Of course, for most analysts storytelling can go a little against the grain;the data is important so how can we possibly distill it into a repeatable story or a single “sound-byte”?
The purpose of analysis in an organizational context is to facilitate decision-making.
If the decision-maker is going to take action based on your findings they have to really understand what you are telling them. Overwhelming them with facts and figures, without a clear compelling narrative, will not give them enough confidence to use the information.
Nadia Lopez, principal of Mott Hall Bridges Academy, a school located in a high-crime area of Brooklyn, can tell you about the ability of stories to get listeners to take action. featured the story of a young man named Vidal who attended the school; his story began with:
“When you live here, you don’t have too many fears. You’ve seen pretty much everything that life can throw at you. When I was nine, I saw a guy get pushed off the roof of that building right there.”
That’s a story no-one could forget.
Vidal went on to credit Ms. Lopez as the most influential person in his life because “….she told each one of us that we matter.” Brandon Stanton met with Ms. Lopez and told her story which included the lines:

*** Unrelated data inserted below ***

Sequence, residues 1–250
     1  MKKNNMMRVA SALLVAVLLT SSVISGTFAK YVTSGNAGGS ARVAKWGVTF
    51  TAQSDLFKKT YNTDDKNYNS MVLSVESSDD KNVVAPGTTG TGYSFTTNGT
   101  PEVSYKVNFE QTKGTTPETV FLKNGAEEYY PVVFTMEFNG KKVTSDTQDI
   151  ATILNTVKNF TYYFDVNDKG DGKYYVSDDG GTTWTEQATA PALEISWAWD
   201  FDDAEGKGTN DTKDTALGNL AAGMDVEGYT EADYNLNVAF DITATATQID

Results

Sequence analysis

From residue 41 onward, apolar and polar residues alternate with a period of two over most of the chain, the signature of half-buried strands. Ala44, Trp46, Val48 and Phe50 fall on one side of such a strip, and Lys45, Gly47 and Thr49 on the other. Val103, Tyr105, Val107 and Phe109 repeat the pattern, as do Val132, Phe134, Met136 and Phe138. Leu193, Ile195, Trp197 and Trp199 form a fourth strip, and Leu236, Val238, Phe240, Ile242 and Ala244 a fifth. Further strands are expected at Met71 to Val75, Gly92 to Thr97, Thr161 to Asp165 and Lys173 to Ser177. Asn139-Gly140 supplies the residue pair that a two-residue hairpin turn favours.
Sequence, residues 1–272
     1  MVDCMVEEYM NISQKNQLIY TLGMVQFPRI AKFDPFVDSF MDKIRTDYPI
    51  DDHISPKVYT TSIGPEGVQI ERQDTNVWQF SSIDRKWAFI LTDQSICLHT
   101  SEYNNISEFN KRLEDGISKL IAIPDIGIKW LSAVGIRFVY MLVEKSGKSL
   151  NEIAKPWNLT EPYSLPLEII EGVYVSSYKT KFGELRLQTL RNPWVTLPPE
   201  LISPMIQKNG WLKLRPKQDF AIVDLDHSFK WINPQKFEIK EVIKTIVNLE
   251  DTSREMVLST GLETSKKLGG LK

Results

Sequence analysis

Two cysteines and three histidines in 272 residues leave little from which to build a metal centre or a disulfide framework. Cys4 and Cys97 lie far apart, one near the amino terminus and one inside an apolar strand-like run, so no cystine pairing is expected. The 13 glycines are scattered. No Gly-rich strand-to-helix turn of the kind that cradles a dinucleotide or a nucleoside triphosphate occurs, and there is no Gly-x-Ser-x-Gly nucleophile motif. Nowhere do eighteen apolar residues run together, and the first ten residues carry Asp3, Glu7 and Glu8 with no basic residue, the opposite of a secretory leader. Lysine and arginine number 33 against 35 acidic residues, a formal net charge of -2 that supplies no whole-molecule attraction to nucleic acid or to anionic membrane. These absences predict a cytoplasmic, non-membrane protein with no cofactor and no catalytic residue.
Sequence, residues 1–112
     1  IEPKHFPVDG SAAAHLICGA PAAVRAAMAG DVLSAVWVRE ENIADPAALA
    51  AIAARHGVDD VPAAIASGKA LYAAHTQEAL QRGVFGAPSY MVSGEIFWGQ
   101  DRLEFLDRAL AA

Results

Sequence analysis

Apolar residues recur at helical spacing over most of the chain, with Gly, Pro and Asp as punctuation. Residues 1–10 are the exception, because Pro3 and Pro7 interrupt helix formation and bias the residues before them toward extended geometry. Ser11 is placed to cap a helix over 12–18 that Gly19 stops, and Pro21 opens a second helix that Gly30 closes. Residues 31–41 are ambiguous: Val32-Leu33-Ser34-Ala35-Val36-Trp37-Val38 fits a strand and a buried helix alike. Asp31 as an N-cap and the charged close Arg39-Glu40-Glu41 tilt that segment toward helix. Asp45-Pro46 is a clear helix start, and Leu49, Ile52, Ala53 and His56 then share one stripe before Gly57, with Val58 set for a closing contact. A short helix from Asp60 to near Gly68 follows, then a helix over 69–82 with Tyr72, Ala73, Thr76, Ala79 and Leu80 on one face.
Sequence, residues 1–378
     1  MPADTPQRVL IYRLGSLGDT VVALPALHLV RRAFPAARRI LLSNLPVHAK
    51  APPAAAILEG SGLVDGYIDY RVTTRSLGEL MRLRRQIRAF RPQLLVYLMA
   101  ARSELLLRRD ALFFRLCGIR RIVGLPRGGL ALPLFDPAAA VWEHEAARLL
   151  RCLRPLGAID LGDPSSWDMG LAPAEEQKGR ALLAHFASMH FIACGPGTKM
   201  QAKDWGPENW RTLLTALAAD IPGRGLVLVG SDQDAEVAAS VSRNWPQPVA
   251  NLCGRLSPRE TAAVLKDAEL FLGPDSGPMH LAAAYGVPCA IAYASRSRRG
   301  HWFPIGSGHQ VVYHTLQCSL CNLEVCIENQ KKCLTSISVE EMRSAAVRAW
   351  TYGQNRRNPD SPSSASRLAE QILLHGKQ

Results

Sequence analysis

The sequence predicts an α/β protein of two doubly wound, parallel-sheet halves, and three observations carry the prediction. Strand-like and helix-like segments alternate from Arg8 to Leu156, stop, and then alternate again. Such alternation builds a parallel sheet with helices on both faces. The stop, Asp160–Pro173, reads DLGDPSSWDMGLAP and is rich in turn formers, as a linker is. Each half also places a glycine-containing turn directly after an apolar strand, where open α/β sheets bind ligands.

I want my scholars to know that even if they live in a housing project, they are part of a royal lineage going back to great African kings and queens. They belong to a group of individuals who invented astronomy and math. And they belong to a group of individuals who have endured so much history and still overcome. When you tell people you’re from Brownsville, their face cringes up. But there are children here that need to know that they are expected to succeed. I want my scholars to know that even if they live in a housing project, they are part of a royal lineage going back to great African kings and queens. They belong to a group of individuals who invented astronomy and math. And they belong to a group of individuals who have endured so much history and still overcome. When you tell people you’re from Brownsville, their face cringes up. But there are children here that need to know that they are expected to succeed.”
Stanton then asked his readers to support Lopez’s vision to reinforce to the children of Mott Hall that not only can they succeed, but they are expected to. Her story – and Vidal’s – inspired people to donate to an that went viral and generated $1.4 million towards annual trips to the campus of Harvard and scholarships for the school’s students.
What can your next story do?
Emma Warrillow of Data Insight Group Inc. has been helping her clients tell their story for over 16 years. If you would like to know what story your data is trying to tell you please contact firstname.lastname@example.org. This blog was first published here.